And why are writers and actors narcissistic and insecure? Well, in movies they are. I had a 2 movie weekend: “Listen Up Philip” and “Birdman”. Both are variations on the same riff. I liked “Listen Up Philip” better as a movie; it seemed more assured and complete than “Birdman”, although Michael Keaton and Edward Norton deliver great performances that are almost enough to carry the movie.
First about “Listen Up Philip”. Yes, it makes you think about Philip Roth and all his books about Nathan Zuckerman and David Kepesh (men) and younger writers too (David Foster Wallace). Philip the writer is arrogant and self-centered, but his idol and mentor Ike Zimmerman manages to be even more unbearable. Jason Schwartzman and Jonathan Pryce inhabit the ennui of the dissatisfied artist. Their actions isolate them from relationships, especially with the women in their lives (all of whom have substance and don’t engage in navel-gazing). Philip’s abandoned girlfriend Ashley takes up the middle part of the movie — recovering from Philip’s escape to the country. Elisabeth Moss makes Ashley absolutely real, no less of an artist than Philip without the asshole quality. “Listen Up Philip” drags a little, but it’s a forgivable slowness, almost understandable given the story. The closing credits are so good – fake book covers that could be real and are very funny. They soften the implication that Philip will end up very much like Ike. I loved the voice over – Eric Bogosian’s narrator reminded me of Truffaut’s narrators.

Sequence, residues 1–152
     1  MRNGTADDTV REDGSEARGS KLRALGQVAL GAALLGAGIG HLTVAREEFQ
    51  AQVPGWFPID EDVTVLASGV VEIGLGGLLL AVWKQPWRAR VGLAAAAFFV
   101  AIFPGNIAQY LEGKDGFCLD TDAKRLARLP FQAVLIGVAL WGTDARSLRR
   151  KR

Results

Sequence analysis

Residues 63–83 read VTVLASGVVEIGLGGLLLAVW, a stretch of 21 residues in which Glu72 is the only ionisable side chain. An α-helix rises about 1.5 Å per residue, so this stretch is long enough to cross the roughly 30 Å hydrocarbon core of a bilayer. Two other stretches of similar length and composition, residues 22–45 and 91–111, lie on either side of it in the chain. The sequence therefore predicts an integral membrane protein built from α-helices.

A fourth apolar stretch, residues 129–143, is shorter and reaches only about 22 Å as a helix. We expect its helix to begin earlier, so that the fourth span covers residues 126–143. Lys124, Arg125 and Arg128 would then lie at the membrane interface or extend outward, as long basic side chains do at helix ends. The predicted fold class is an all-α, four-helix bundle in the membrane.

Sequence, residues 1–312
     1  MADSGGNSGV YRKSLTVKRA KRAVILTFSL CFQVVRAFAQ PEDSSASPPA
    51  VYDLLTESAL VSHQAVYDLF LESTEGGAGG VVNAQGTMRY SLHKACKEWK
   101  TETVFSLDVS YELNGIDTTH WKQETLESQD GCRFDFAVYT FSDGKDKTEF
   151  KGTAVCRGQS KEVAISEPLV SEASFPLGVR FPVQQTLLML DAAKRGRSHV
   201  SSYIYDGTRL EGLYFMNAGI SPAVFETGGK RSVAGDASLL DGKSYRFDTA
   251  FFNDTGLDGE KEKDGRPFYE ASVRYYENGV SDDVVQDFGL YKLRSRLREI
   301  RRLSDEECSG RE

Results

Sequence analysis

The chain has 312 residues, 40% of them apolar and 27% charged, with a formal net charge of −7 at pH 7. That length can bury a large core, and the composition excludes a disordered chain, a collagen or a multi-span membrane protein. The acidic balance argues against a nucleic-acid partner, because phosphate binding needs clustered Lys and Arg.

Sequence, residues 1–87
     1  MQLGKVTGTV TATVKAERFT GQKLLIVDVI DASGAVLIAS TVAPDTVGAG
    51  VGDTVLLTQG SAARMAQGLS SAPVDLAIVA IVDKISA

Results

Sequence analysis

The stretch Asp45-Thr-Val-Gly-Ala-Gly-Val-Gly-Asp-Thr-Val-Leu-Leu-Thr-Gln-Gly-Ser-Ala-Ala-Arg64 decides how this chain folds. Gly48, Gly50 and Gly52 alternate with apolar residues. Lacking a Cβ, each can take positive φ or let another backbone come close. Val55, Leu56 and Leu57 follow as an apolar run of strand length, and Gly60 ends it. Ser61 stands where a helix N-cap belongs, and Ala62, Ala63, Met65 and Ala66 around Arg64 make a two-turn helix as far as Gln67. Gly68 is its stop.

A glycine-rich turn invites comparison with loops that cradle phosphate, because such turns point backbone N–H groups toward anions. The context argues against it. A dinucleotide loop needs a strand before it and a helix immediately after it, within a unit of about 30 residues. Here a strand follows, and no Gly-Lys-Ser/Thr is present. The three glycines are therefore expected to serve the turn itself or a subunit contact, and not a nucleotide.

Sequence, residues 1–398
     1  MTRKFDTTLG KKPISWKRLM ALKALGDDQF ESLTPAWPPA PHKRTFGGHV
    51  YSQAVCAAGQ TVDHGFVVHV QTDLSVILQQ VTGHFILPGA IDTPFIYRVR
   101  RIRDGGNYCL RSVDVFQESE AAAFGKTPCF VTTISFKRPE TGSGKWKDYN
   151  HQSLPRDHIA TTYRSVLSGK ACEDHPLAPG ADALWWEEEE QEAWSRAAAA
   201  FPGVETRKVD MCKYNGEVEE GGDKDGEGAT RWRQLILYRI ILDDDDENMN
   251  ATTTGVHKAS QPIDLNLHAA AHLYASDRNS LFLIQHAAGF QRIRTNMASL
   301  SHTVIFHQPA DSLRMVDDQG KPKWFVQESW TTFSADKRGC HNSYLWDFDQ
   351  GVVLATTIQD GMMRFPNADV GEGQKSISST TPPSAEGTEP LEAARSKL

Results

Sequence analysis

“Birdman” reminds me of “The Swimmer”. It has the same delusionary quality, with the protagonist going through a breakdown. Keaton is a very different actor than Burt Lancaster, so there is a different texture to the chase. But it’s no less bleak. Yes, there are funny lines and name dropping, but overall it’s sad as hell (Norton’s character is also broken). But as a movie, “Birdman” doesn’t quite work.
I was reading interviews with Keaton and then with Norton. Keaton is very smart, but in interviews he doesn’t quite deliver the kind of reflective analysis that Norton does.
Now a digression. I was watching hockey on Saturday for the first time in a long time. The good thing is that Bruins won. The bad thing is that hockey commentating is so slick now and hockey players are huge. I miss the crazy expressions that Danny Gallivan used (“visitation to the penalty box”). I miss small hockey players who could skate circles around others (Marcel Dionne, Pocket Rocket). They probably couldn’t make it in today’s league despite their skill and drive.
I have to snap out of that nostalgia thing. As Simone Signoret said: “Nostalgia Ain’t What It Used to Be”.